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New virtual reality ‘Vision’ van on the road in Bedfordshire

New virtual reality ‘Vision’ van on the road in Bedfordshire

Road safety education for young people is to be transformed with the launch of the new Vision Van virtual reality immersive experience.  

Bedfordshire Fire and Rescue Service’s (BFRS) new Vision Van is now on the road and will be used as part of Bedfordshire’s Road Safety Partnership’s mission to reduce road casualties by 50 per cent by 2035.

Funded jointly by the Police and Crime Commissioner (PCC) and BFRS, the Vision Van is a road safety vehicle that utilises virtual reality films to engage and educate young drivers in schools and at local events.

Using dedicated hydraulic chairs inside the van it allows users to immerse themselves into a virtual reality scenario, to better understand the factors and risks that can lead to a driver being distracted or to lose concentration on the road.

Area Commander Ian Evans, Head of Prevention and Protection at BFRS, said: “We are called to far too many incidents where younger drivers have either been injured or have caused harm to others as a result of making unwise decisions behind the wheel.

“The Vision van is a great way of showing drivers how their actions can result in life-changing consequences in an innovative and fun way. Over the coming months we will be working with Bedfordshire Road Safety Partnership to get the van out into the community to fulfil our aims.”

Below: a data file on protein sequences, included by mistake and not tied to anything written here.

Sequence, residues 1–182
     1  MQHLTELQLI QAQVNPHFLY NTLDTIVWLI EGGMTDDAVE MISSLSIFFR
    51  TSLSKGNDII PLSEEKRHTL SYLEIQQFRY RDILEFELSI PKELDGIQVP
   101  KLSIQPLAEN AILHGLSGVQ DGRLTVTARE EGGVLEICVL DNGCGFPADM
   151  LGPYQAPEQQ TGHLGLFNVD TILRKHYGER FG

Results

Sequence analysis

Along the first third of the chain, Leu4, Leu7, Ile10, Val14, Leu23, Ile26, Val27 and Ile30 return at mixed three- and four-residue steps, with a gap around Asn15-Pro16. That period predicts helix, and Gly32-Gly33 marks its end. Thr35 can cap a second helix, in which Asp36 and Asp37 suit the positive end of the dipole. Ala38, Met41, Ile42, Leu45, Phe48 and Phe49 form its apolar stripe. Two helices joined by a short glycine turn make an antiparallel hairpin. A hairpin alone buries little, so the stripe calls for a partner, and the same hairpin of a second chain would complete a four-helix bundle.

Schools, colleges and other higher education institutions will be able to book a visit from the team that operates the Vision Van, and it will be heading out into the community to allow young people to engage with the impactful virtual experience.

PCC Festus Akinbusoye said: “In Bedfordshire in 2022 alone, emergency services attended over 300 road traffic collisions where someone was killed or seriously injured. This is why as part of the Police and Crime Plan, we have dedicated resources aimed at educating drivers, particularly young drivers, on the biggest risk factors associated with driving. Namely, using a mobile phone, speeding, drink and drug driving and not wearing a seatbelt.

“As Police and Crime Commissioner, I have met many family members of road traffic victims through the Road Victims Trust, and each meeting is a reminder to me of the need to work as a partnership in Bedfordshire to reduce road casualties.”

According to figures from road safety charity Brake, drivers aged 16-19 are a third more likely to die in a car crash than those aged 40-49, while nearly one in four 18–24-year-olds crash their vehicles within two years of passing their driving test. Young drivers are also found to be at greater risk on the roads due to inexperience and over-confidence.

Phil McCarthy, Bedfordshire Road Safety Partnership manager, added: “Having experienced the van for myself, I can testify to its effectiveness in encouraging users to think twice about their driving habits going forward.

“Being able to offer an immersive learning experience to deliver road safety education at schools and events in Bedfordshire is very exciting for the Partnership, and ties in excellently to the key objectives for education and prevention outlined in the Bedfordshire Road Safety Partnership strategy.”

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